RELATIVES weep near the coffin of 12-year-old Sneha Savindi, who was among the people killed on Sunday at St Sebastian Church in Negombo, 
Sri Lanka. AP
Local religious groups have come out in solidarity with the families of the 290 people killed in Sri Lanka over the Easter weekend.

Today Sri Lanka holds a national day of mourning following a deadly Easter Sunday, which saw eight terrorist bombs blast through three churches and several luxury hotels.

Sri Lankan police spokesperson Ruwan Gunasekera said 24 suspects were arrested for their involvement in the co-ordinated bombings.

The country's Health Minister Rajitha Senaratne said the suicide bombers belonged to the militant group named National Thowfeek Jamaath.

Police yesterday found 87 detonators near the main bus depot in the capital, Colombo.

Officials declined to comment on whether these were linked to Sunday's attacks.

The attacks have been condemned across the world.

Sri Lankan authorities said 39 foreign tourists were killed in the bombings, including eight British nationals, eight Indians, three of the four children of Danish business tycoon Anders Holch Povlsen, and two Australian citizens.

The People's Republic of China's state media said two of the country's citizens were killed, while other nationalities included American, Japanese and Portuguese.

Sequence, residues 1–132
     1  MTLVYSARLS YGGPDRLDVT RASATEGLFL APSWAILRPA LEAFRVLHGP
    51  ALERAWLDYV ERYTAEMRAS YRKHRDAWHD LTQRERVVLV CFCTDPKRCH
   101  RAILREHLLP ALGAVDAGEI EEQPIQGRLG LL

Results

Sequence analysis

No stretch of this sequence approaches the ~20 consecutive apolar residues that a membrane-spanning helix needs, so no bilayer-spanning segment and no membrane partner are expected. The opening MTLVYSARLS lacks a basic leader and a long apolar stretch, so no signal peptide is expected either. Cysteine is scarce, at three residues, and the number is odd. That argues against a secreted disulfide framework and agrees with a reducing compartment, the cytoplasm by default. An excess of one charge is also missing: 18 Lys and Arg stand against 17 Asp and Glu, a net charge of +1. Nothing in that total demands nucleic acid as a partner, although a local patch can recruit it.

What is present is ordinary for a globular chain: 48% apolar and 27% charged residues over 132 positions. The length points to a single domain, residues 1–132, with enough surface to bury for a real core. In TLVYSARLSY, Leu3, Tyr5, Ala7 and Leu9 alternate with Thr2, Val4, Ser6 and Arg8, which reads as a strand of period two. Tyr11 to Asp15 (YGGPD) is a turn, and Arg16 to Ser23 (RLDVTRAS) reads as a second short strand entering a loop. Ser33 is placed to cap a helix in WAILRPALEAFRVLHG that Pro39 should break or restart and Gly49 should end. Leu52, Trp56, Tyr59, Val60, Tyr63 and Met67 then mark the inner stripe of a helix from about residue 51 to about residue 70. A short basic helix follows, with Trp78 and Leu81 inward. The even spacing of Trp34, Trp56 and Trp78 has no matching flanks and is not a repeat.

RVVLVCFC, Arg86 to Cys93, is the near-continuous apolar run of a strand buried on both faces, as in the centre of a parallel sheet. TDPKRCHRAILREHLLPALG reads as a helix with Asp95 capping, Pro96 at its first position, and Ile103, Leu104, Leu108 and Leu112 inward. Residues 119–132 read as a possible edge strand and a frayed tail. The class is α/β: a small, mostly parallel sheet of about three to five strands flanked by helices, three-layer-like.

President Cyril Ramaphosa has sent his condolences to the people and government of Sri Lanka.

The Presidency said: “The people of South Africa stand in solidarity with the people of Sri Lanka during this difficult time.

"The president condemned the attacks in the strongest terms and emphasised that South Africa would continue to use its non-permanent seat on the UN Security Council to prioritise the fight against terrorism and extremist groups across the world.”

In Cape Town, a vigil was held on Sunday at St George's Cathedral, together with the Claremont Main Road Mosque.

The Claremont Main Road Mosque appealed to people to show the same solidarity and compassion for Sri Lanka that poured in during the aftermath of the Christchurch mosque attacks in March.

“These bomb blasts are the latest acts of inhumanity and cold-heartedness targeting places of worship and have claimed the lives of over 100 Christian worshippers and maimed over 500 people in Sri Lanka.

"We extend our sincere condolences to the people of Sri Lanka and pray for the victims and their loved ones,” the mosque's board said.

St George's Cathedral dean Michael Weeder said: “Every faith feels a special burden for Palestine, Christchurch.

"When Imam Rashied Omar (of the Claremont Main Road Mosque) asked me whether we were hosting a vigil for what happened in Sri Lanka, we had to,” Weeder added.

The council for Muslim theologians, Jamiatul Ulama South Africa, has appealed to people living in Colombo to reach out to each other.

“We extend our condolences towards the families of those killed in these attacks, in particular, and the people of Sri Lanka, in general, as we also pray for the speedy recovery of those injured.

“This level of violence which shows a total disregard for the sanctity of human life, let alone the sacredness of places of worship, is abominable and shows the depravity of perpetrators who in apparent co-ordinated attacks, intended to inflict large-scale carnage and mayhem,” they said.